March 3, 2015 2:40 PM EST

Israel Prime Minister Benjamin Netanyahu’s speech before Congress on Tuesday was exactly what he said he didn’t intend it to be: political.

While many of his points brought both Democrats and Republicans to their feet — “This Capitol dome helped build our Iron Dome” was a clear winner — Democrats stayed seated for the point that mattered most.

“This is a bad deal,” said Netanyahu, of the negotiations by the Obama Administration and five other countries to prevent the Iranian regime from obtaining nuclear weapons. “It’s a very bad deal. We’re better off without it.”

There was a clear contrast in Netanyahu’s support from the beginning, when ear-splitting cheers arose for the handshake between House Speaker John Boehner and Netanyahu. In the front row, Illinois GOP Senator Mark Kirk, an Iran hawk, rose to his feet and banged his cane against the ground in approval throughout the speech.

On the key “we’re better off without it” line, GOP megadonor Sheldon Adelson, former House Speaker Newt Gingrich and former Senator Joe Lieberman joined the Republicans’ standing ovation in their seats overlooking the chamber. Rabbi Shmuley Boteach, who ran a 2012 congressional campaign that Adelson backed, said before the speech that it could convince Congressmen to overcome an Obama veto of a controversial Iran sanctions bill.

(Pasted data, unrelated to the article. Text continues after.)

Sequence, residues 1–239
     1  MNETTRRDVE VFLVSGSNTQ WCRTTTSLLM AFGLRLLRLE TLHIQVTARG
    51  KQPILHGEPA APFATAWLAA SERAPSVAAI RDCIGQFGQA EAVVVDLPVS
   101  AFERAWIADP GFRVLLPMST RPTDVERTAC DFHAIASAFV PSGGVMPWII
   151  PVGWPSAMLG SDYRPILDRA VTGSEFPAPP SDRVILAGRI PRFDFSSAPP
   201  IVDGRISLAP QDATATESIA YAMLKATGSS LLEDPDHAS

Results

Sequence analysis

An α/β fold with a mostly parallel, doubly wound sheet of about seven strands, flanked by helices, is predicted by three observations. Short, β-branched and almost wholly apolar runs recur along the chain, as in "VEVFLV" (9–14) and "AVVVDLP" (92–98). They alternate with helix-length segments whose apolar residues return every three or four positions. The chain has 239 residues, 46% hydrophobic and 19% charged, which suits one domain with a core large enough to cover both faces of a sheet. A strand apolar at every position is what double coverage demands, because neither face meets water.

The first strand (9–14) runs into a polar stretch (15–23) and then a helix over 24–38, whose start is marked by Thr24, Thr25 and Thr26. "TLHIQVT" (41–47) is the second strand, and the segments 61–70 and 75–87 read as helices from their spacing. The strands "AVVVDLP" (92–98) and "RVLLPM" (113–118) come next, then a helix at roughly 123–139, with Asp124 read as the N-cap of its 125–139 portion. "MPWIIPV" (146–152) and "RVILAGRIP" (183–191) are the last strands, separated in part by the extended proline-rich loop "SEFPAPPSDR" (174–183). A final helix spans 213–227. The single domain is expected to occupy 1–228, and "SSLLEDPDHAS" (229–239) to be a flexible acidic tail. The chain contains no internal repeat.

“I think if the Prime Minister really makes his case, the Kirk-Menendez bill — increasing sanctions against Iran should there not be a deal — could pass,” said Boteach. “They’re close. They almost have enough Senators to override a promised presidential veto and maybe that’s what the Prime Minister is aiming for more than anything else.”

After the speech, foreign policy hawks said that the U.S. should walk away from the negotiating table.

“I thought it was very reasonable,” said Bill Kristol, founder of the Weekly Standard and an attendee of the event. “The world will not end if there’s not a deal and if sanctions are reimposed. The world was chugging along two years ago with sanctions and no deal … As Netanyahu said, as many people have said, If it’s a bad deal, you can’t sign a bad deal. You’re not walking away.”

MORE: Netanyahu’s Speech Tied Him in Knots

During the speech, House Democratic leader Nancy Pelosi was in “near tears.”

“I was near tears throughout the Prime Minister’s speech — saddened by the insult to the intelligence of the United States as part of the P5 +1 nations, and saddened by the condescension toward our knowledge of the threat posed by Iran and our broader commitment to preventing nuclear proliferation,” she said in a statement.

Dozens of Democrats boycotted the speech, which came on Boehner’s invitation without White House consultation and two weeks before Netanyahu’s election.

Even those Democrats who agreed with Netanyahu that the deal is “bad” blasted his speech for lacking a specific plan forward.

“This is a bad deal,” said California Democratic Representative Brad Sherman. “He showed us why this deal is a bad deal. The alternative to a bad deal is we’re in a bad situation. And he did not give us a clear road map to a good deal.”

Read next: Netanyahu Will Be Speaking in Winston Churchill’s Shadow

Listen to the most important stories of the day.

More Must-Read Stories From TIME

Contact us at

You May Also Like